A total of 223 patients with advanced NSCLC who received ICI-based treatment at Shanghai Pulmonary Hospital were involved in the study. Of the patients, 26.9% (n=60) were confirmed to have NAFLD by ultrasound examination of abdomen at the initiation ICI-based treatment (Figure 1). The baseline characteristics of the patients with and without NAFLD, including age, gender, smoking history, previous MetS disease, ECOG score, stage, PD-L1 level, LMs, treatment lines, and treatment regime were similar (Table 1). As expected, patients with NAFLD had a higher BMI (P=0.004), and these patients were more likely to have non-squamous carcinoma (P=0.004).
LMs were confirmed by imaging in 8.1% (n=18) of the patients (Table 2). In this subgroup, all patients were stage IV. Notably, there was no difference in BMI between the two groups.
Outcomes with ICIs-based treatment
There was no significant difference in the response to ICI-based treatment between the patients with and without NAFLD (ORR 43.3% vs. 35.6%, P=0.289, DCR 83.3% vs. 75.5%, P=0.211) (Figure 2A). Notably, for patients with LMs, the ORR and DCR were dramatically higher in those with NAFLD (n=7) than in patients without NAFLD (n=11) (71.4% vs. 9.1%, P=0.013; 85.7% vs. 18.2%, P=0.013) (Figure 2B), while for patients with no LMs, the response was similar (ORR: 39.6% vs. 37.5%, P=0.784; DCR: 83.0% vs. 79.6%, P=0.689) (Figure 2C). In addition, DCR of LMs of patients with NAFLD was significantly higher compared to those without NAFLD (DCR: 42.9% vs. 0.0%, P=0.038) (Figure 2D). The response depth of lung primary lesions and LMs are shown in Figure 2E,F.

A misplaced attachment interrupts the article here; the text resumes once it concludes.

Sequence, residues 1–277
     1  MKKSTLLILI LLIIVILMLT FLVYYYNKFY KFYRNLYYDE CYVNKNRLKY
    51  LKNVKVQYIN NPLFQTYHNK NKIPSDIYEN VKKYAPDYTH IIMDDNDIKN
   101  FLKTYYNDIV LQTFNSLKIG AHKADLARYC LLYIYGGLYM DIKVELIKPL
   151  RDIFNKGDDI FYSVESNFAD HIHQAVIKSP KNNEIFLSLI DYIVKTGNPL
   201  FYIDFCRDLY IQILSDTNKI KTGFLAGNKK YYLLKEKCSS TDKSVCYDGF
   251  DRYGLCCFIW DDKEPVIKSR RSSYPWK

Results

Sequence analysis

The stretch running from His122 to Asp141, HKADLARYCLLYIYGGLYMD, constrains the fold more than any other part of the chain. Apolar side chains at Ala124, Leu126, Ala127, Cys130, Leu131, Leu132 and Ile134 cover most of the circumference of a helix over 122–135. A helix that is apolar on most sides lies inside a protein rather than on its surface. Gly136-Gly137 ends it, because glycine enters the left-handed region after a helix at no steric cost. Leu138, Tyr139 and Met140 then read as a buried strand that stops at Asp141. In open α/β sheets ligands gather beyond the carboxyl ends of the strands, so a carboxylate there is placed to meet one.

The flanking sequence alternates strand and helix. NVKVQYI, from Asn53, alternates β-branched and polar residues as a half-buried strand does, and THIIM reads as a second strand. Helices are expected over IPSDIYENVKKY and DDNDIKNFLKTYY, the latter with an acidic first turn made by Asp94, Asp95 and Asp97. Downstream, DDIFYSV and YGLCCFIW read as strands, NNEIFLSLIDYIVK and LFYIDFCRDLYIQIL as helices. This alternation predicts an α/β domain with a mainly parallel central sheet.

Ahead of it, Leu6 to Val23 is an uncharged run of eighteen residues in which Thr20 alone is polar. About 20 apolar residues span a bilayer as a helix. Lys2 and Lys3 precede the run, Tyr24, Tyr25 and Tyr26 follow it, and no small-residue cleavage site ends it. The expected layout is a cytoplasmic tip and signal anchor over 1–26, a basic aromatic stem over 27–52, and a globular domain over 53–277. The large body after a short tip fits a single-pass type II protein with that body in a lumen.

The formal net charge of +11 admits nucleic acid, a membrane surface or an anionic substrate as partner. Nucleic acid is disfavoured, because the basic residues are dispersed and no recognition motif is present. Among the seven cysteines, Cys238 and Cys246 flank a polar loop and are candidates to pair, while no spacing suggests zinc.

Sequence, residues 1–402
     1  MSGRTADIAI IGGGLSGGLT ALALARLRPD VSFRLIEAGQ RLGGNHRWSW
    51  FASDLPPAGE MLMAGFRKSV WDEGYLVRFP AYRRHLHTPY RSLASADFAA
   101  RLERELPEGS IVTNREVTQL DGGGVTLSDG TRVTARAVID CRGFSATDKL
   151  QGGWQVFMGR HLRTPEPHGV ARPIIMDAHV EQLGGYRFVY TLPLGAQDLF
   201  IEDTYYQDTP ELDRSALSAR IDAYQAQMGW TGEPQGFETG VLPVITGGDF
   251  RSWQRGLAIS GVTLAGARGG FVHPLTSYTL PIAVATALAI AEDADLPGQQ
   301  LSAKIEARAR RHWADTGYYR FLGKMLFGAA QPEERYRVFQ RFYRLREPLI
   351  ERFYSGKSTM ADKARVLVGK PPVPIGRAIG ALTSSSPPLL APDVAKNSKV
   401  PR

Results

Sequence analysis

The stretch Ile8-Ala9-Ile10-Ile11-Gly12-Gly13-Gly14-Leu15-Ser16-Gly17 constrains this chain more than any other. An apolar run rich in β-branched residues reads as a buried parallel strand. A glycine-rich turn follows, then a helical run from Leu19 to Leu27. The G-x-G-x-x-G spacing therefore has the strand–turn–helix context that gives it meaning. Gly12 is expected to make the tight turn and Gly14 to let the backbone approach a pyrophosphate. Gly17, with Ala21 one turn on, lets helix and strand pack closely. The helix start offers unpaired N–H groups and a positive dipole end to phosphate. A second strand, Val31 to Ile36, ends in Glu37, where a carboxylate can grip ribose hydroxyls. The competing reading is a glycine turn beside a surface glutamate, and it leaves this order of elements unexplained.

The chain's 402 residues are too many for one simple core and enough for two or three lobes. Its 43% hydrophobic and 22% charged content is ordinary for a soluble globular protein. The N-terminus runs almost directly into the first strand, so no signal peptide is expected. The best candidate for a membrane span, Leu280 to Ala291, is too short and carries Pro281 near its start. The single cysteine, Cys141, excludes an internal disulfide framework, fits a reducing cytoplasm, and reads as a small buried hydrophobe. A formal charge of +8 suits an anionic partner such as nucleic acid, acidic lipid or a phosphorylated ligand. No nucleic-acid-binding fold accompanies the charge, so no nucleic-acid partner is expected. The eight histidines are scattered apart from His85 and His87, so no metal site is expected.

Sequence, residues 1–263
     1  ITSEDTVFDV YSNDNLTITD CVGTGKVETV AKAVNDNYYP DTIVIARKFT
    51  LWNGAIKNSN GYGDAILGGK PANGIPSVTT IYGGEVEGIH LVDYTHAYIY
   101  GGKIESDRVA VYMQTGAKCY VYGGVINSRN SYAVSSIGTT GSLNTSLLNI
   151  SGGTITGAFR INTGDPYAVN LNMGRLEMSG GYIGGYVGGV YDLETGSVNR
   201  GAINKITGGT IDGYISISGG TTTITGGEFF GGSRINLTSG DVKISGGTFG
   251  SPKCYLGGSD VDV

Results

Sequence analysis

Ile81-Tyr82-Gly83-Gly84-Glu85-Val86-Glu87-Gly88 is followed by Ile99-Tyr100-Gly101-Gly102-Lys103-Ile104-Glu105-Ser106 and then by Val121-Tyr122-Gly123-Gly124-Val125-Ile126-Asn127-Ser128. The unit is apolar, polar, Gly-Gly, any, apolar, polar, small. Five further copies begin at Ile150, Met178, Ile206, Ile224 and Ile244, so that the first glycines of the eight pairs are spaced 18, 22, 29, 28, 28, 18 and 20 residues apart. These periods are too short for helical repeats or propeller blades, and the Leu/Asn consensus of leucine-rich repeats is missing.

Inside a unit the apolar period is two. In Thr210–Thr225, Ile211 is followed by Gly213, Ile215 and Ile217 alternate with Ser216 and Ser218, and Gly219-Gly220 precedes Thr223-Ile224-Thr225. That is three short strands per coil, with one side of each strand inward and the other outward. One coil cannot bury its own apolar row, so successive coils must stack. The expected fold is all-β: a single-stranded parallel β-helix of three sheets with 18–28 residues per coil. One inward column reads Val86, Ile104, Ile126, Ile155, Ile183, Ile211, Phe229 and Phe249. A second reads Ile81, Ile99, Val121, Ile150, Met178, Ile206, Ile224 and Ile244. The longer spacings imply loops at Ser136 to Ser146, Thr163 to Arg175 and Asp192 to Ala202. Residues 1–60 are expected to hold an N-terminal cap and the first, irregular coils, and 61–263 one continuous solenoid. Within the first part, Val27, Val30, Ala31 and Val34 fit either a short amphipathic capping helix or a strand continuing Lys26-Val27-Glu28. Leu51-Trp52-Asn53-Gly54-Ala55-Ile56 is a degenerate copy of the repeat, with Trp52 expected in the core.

The median PFS of the entire cohort was 6.6 months (Figure 3A), and he median PFS of patients with and without NAFLD were similar (7.0 vs. 6.6 months, P=0.769, HR: 1.055, 95% CI: 0.738–1.507) (Figure 3B). However, in the subgroup of patients with LMs, the median PFS of patients with NAFLD was significantly longer than that of patients without NAFLD (5.1 vs. 2.1 months, P=0.014, HR: 0.244, 95% CI: 0.073–0.813), while no difference was observed in patients without LMs (7.0 vs. 7.3 months, P=0.476, HR: 1.146, 95% CI: 0.787–1.669) (Figure 3C,D). The PFS of each patient with LMs is shown in Figure 3E.